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In This Issue
This month, as we enter spring, I am reflecting on the growth and flowering of The Mussar Institute 2.0 (as I called it in an article last year) from the seeds that were planted at our annual meeting of the Board last June, and the ground that was laid several years ago at our first meeting in San Francisco. Our annual Mussar Kallah, in New York last November, was our most successful gathering ever. We not only presented a wonderful weekend of learning, but we also did so with financial wisdom; consequently, and largely as a result of the generosity of those who responded to our Kallah fundraising appeal, we have been able to start a small endowment fund for future Kallot.
We also restructured our board, making each board member responsible for specific operations of the Institute. This structure has been successful in bringing about new programs, improving existing programs and streamlining the operations of the Institute, putting us in better shape to weather the economic crisis.
Our next board meeting will be in Seattle in May, in conjunction with a local Kallah organized by Shirah Bell. At that meeting, we will say thank you to Carol Robinson for her successful tenure as co-president and board member, and we will welcome a new co-president and vice-president. We also expect to elect new board members at that time.
The following is an update on a few of the exciting, recent developments, thanks to our board members and other wonderful volunteers:
By Alan Morinis
One of my favorite Talmudic stories tells of Rabbi Akiva arriving one evening in a town with a donkey, a rooster and a lamp. Why Rabbi Akiva is traveling with such unusual baggage, we are not told. We do learn, though, that when he goes to the inn to seek lodging, he is told that the inn is full. There is nowhere for him to sleep, and so he wanders back beyond the city limits to bed down in a field for the night.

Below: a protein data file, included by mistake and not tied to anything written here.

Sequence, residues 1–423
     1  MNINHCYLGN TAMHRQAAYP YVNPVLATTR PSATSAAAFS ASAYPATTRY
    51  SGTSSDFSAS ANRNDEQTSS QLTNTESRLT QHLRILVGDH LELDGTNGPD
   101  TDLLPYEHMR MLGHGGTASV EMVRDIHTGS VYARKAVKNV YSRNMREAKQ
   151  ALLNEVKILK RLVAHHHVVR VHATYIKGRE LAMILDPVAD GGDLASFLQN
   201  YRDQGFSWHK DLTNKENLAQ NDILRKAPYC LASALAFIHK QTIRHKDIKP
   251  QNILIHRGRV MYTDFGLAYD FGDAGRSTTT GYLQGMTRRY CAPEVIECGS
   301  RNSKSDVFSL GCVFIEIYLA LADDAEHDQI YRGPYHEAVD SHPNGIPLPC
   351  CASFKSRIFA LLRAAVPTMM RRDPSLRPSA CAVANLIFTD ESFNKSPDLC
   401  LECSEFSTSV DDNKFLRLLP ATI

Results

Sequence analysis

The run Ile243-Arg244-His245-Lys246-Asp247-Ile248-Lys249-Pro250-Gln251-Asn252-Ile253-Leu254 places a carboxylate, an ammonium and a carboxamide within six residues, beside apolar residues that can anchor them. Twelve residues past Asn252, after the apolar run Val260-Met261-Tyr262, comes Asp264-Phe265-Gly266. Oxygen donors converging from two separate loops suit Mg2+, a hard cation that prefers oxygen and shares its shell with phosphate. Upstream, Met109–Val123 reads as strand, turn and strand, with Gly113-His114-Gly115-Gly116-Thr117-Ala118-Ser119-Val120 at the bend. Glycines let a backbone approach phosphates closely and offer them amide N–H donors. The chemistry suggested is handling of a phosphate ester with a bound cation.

Already we can see that life is not going in his favor, but it only gets worse. That night, a lion eats his donkey, a cat snatches his rooster, and the wind blows out the lamp. Truly, it seems that his luck has gone from bad to worse.
By Shirah Bell, Director of Everyday Holiness Program
You may be tired of hearing about Bernie Madoff, the stock market decline, and the terrible suffering that has resulted. Many of us are staring at our brokerage or bank statements wondering, “How did this happen to me?” That is a very interesting question, but I would like to turn it from the passive to the active voice and ask, “How did I participate in this happening?” What middah or middot might the current situation reveal to be off balance in me?
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ALAN'S MARCH SPEAKING SCHEDULE
A new session of Manchim: training for Mussar group leaders begins.
Nine Lessons on Eight Chapters
A video-conference course over 9 weeks with Rabbi Yaakov Feldman, who recently issued a new translation of Rambam's Eight Chapters.
Boston (men only) – Contact Sue Millelbeck at email@example.com.
Lexington, MA – Contact Lisa Goodman at LTCGoodman@gmail.com.
New York – Contact Mara Gross at firstname.lastname@example.org.
Queens, NY – Contact Eileen Korby at email@example.com.